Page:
LONDON (Reuters) – Chinese artist and activist Ai Weiwei unveiled his latest large-scale project in London on Wednesday, a 15-metre-long recreation of Claude Monet’s “Water Lilies” made with nearly 650,000 Lego pieces, in a tribute to his late father.
Titled “Water Lilies #1”, the artwork is one of the centrepieces of Ai’s new “Making Sense” exhibition at London’s Design Museum – his biggest UK show in eight years.
Re-imagining Monet’s famed landscape, Ai, a critic of the Chinese Communist Party who was briefly detained by police and lived under house arrest, is honouring his father.
Ai added a dark spot on the artwork to depict the door to the underground dwellings in China’s Xinjiang province where his family lived in forced exile after his father, the poet Ai Qing, was labelled an enemy of the state.
“He studied in Paris as an artist in the 1920s and later I and him were exiled. There’s a black door I integrated into this Monet’s ‘Water Lilies’ because Monet is an artist my father liked. So, this is really a memory piece,” he told Reuters at a press preview.
The piece is Ai’s largest Lego creation but the artist is no stranger to the medium. His 2014 installation “Trace” comprised 176 Lego portraits of political prisoners from around the world.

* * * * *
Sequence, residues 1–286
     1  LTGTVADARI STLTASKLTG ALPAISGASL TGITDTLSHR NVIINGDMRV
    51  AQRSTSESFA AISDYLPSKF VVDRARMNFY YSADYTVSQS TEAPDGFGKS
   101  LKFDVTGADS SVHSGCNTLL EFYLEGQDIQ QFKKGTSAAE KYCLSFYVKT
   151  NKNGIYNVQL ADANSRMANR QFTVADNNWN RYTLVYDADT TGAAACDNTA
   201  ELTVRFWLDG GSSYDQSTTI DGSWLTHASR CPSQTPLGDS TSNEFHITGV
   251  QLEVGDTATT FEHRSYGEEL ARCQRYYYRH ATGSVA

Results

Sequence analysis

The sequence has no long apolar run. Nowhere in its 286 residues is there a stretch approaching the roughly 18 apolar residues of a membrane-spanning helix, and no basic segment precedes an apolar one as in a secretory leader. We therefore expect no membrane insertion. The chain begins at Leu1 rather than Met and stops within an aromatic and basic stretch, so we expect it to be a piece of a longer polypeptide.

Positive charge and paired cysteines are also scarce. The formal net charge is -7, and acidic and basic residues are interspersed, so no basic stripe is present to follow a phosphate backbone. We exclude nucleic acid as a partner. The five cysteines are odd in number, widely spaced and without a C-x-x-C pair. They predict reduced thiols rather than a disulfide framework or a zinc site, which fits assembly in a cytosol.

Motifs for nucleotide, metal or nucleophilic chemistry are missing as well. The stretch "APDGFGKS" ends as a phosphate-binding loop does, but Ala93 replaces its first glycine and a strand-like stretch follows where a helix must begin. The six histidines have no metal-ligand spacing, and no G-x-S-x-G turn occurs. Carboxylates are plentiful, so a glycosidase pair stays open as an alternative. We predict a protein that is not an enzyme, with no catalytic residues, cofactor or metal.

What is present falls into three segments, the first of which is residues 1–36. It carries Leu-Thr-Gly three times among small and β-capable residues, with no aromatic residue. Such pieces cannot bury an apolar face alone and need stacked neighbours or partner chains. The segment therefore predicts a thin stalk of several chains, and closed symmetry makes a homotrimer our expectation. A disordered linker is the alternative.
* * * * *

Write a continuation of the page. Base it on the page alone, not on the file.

“Making Sense” also includes another new Lego artwork, “Untitled (Lego Incident”), one of five vast “fields” featuring hundreds of thousands of objects laid out on the gallery floor. The toy bricks in the piece were donated by members of the public after Lego briefly refused to sell their products to Ai in 2014.
Also on display are some 200,000 porcelain spouts from Song dynasty tea pots, thousands of fragments of Ai’s porcelain sculptures which were destroyed when his Beijing studio was demolished in 2018, as well as around 1,600 tools dating from the late Stone Age.
It contains 42 new works, never before seen in London and many works on public display for the first time because the art is quite a scale in terms of numbers or quantity, Ai, 65, said.
“Ai Weiwei: Making Sense” runs at the Design Museum from April 7 to July 30.